Monday, September 19, 2011


Clive Thompson, writing the Collision Detection blog, posted "How did you find my site?" and Vannevar Bush's memex". He discusses the problem of associative hyperlinking and the fact that Internet browsers only allow us to record our browsing history chronologically rather than thematically. He cites Vannevar Bush’s 1945 essay for the Atlantic Monthly, “As We May Think”.

"Bush’s essay has become famous amongst digital folks because of how eerily he predicted the emergence of a hyperlinked Internet. “As We May Think” is, at heart, a complaint about information overload (in 1945!) and a suggestion of how to solve it: By building better tools for sorting, saving, and navigating stuff. Bush envisioned a “memex”, a desk-like tool at which you’d sit, reading over zillions of documents stored via microfilm. You could also write your own notes and reflections (which would saved in microfilm format too, photographed automatically via a forehead-mounted webcam “a little larger than a walnut”. That illustration above is a rough mockup of a Memex, by the way.)

The really Nostradamusian element, though, was the hyperlinks. An essential part of the memex, Bush envisioned, would be its system for letting you inscribe connections between documents. He described someone doing research into the history of the “Turkish bow”: The user pores over “dozens of possibly pertinent books and articles”, finds one particularly useful one, then another, and “ties the two together”. He continues on, adding in his own “longhand” notes, and eventually he “builds a trail of his interest through the maze of materials available to him.”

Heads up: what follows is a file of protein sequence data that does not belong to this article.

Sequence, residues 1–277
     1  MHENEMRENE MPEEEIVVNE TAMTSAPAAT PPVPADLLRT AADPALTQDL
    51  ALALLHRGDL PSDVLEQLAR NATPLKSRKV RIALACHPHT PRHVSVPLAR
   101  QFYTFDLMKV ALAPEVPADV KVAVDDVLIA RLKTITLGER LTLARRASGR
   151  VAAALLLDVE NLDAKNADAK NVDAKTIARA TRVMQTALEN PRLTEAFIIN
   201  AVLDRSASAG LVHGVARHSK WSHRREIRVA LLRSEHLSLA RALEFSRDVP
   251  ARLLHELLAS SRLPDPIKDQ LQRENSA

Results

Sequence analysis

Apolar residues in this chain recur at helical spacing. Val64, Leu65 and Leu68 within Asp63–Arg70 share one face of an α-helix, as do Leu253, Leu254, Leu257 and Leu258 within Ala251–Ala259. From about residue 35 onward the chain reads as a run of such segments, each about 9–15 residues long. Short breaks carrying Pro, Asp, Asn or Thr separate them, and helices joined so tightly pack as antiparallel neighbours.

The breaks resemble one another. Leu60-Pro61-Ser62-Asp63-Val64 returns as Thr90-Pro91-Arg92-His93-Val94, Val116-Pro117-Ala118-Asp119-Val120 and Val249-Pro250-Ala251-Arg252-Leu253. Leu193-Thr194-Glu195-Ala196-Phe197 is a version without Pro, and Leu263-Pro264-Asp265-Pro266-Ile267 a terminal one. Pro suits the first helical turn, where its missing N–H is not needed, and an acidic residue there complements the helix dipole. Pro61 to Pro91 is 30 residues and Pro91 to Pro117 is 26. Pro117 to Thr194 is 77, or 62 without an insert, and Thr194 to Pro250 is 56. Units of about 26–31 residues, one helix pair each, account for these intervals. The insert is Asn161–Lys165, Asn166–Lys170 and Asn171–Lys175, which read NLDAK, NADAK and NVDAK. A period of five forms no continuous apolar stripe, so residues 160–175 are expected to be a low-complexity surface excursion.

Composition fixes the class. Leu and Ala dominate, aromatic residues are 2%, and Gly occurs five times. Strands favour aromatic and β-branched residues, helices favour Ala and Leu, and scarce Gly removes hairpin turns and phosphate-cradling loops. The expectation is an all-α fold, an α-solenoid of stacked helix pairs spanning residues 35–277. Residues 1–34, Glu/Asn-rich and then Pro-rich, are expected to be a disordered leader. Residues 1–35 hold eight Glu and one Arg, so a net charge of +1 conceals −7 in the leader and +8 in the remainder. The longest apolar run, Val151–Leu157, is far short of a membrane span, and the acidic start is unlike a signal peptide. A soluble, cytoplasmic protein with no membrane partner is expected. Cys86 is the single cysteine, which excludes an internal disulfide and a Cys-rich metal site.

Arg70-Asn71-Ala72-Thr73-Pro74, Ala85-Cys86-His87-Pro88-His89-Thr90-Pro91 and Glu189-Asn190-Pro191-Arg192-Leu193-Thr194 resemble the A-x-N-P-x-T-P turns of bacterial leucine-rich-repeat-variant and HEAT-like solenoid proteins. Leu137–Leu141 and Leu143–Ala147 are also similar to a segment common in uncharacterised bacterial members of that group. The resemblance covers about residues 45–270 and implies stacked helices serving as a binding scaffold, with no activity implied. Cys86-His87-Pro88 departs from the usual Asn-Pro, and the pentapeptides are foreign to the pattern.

This is, of course, precisely how one does research online today. Except for one big difference: We don’t really have tools for saving what Bush calls the “trail” — the specific pathway by which someone went from one document to another. Sure, we share the results of our online surfing. We do that all the time: Links posted to Twitter, Facebook, a gazillion public fora. But when someone asks “how’d you find that? What was your pathway?”, we often don’t know. We share the results of our knowledge formation, but not how we formed it."

I had never come across Vannevar Bush's paper, and as a bit of a geek/nerd, I feel foolish for not having read it. It predicts the personal computer, networking, the hyperlinked Internet ... all now exist. However, one feature of the Memex has yet to be realised ... that of associative or thematic trails.

To quote some more from Vannevar Bush ...

"Professionally our methods of transmitting and reviewing the results of research are generations old and by now are totally inadequate for their purpose. If the aggregate time spent in writing scholarly works and in reading them could be evaluated, the ratio between these amounts of time might well be startling. Those who conscientiously attempt to keep abreast of current thought, even in restricted fields, by close and continuous reading might well shy away from an examination calculated to show how much of the previous month's efforts could be produced on call. Mendel's concept of the laws of genetics was lost to the world for a generation because his publication did not reach the few who were capable of grasping and extending it; and this sort of catastrophe is undoubtedly being repeated all about us, as truly significant attainments become lost in the mass of the inconsequential.

The difficulty seems to be, not so much that we publish unduly in view of the extent and variety of present day interests, but rather that publication has been extended far beyond our present ability to make real use of the record. The summation of human experience is being expanded at a prodigious rate, and the means we use for threading through the consequent maze to the momentarily important item is the same as was used in the days of square-rigged ships."

"Man cannot hope fully to duplicate this mental process artificially, but he certainly ought to be able to learn from it. In minor ways he may even improve, for his records have relative permanency. The first idea, however, to be drawn from the analogy concerns selection. Selection by association, rather than indexing, may yet be mechanized. One cannot hope thus to equal the speed and flexibility with which the mind follows an associative trail, but it should be possible to beat the mind decisively in regard to the permanence and clarity of the items resurrected from storage."

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